Of course, that doesn't have to mean grand trips out -- just being together.
 

KarenNWendyn

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Strategies for coping and warding off bitterness will be different for each of us and you will ultimately find what works best for you and your family.

My approach is to take it one day at a time. While it’s important to acknowledge the bitterness, I feel it’s also important to try to let go of it as much as possible. I try to focus on the love I have for my family and close friends. I also try to look at what I still have and what I can still do. While it’s important to also look ahead, be proactive in terms of getting equipment and help before I need it, and to prepare for end of life issues, things can feel overwhelming if I try to take that in all at once.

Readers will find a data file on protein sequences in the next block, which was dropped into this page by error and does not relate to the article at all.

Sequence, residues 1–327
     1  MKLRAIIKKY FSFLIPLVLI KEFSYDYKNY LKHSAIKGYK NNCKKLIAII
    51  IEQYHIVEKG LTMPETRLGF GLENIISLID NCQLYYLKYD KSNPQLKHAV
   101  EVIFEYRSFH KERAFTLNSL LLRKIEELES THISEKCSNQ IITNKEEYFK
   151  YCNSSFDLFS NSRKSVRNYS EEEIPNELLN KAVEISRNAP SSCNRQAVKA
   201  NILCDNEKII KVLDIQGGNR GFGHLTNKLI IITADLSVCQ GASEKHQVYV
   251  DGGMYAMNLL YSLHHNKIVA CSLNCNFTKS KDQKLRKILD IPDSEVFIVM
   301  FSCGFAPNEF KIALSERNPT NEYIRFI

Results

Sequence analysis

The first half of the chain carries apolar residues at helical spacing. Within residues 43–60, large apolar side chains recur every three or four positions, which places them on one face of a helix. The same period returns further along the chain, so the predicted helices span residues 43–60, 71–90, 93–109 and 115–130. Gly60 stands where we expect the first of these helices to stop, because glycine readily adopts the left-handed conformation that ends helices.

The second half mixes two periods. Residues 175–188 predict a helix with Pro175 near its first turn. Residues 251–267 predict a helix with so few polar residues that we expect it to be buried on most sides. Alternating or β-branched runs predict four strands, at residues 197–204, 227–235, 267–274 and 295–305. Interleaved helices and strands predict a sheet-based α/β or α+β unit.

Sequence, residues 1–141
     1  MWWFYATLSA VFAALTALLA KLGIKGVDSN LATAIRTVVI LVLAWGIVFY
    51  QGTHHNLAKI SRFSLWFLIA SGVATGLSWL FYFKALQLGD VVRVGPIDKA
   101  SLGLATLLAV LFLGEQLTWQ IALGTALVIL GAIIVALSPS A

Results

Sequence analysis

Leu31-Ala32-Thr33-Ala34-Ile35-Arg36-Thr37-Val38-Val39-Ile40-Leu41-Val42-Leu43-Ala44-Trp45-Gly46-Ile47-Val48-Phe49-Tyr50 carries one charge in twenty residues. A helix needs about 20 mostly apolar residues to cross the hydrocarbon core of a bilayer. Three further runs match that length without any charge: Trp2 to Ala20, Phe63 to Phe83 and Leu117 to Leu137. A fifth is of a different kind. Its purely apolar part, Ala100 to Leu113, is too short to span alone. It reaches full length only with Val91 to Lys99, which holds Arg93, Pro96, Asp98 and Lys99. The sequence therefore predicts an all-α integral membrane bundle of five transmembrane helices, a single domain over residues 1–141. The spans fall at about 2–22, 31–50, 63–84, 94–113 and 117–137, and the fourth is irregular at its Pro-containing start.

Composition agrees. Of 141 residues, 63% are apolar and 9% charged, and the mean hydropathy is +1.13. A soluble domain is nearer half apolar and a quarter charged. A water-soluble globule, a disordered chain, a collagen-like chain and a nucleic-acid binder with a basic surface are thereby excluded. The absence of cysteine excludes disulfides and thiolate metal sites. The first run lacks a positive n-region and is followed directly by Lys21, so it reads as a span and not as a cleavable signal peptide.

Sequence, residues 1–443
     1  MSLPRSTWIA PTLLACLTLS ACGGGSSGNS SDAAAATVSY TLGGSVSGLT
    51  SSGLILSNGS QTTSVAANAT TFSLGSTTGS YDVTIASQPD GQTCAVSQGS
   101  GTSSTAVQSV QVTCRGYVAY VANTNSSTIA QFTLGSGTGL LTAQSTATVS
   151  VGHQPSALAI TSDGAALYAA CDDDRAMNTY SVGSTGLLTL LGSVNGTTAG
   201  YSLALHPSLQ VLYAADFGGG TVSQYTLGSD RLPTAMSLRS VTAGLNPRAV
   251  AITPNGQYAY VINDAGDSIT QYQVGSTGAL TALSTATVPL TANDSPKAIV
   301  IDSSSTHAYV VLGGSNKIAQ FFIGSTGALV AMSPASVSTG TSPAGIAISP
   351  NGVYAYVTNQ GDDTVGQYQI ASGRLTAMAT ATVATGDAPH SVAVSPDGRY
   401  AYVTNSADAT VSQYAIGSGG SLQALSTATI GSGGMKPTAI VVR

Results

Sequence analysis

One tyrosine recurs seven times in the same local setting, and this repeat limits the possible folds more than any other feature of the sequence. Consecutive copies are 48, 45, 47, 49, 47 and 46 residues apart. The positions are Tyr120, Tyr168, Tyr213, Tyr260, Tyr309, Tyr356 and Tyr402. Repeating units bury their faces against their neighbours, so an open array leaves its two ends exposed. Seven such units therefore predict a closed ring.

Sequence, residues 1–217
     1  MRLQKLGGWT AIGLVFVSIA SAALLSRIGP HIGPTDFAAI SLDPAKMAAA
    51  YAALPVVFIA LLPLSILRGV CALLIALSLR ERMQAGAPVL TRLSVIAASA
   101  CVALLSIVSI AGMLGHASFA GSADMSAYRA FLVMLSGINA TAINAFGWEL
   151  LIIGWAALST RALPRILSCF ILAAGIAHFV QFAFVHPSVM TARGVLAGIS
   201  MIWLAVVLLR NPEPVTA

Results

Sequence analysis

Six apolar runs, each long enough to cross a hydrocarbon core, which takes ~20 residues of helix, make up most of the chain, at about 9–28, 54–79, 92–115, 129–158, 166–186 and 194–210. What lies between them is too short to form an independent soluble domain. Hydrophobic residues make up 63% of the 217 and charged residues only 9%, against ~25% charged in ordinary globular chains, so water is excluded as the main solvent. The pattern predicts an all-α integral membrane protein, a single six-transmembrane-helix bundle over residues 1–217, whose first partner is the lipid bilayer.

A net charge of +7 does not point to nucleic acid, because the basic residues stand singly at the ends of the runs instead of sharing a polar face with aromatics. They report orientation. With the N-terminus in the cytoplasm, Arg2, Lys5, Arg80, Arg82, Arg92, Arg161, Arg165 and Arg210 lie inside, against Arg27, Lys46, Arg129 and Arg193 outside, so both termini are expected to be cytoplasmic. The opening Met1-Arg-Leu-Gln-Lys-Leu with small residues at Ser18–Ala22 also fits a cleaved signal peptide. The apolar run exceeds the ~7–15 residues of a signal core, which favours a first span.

So breaking things into smaller pieces, trying to focus on positive things (your love for your wife and kids, e.g.), and spending time with the people who matter — that’s what you and your kids will remember about this experience.

I also believe that knowledge is power, and I try to learn as much as I can about this disease and the technologies available to help us deal with it. That’s definitely something you can get from hanging out on this forum, going to local support groups, reading, and talking to others going through this.

ALS sucks! No doubt about it. But laugh when you can. Life is too short to dwell on bitterness.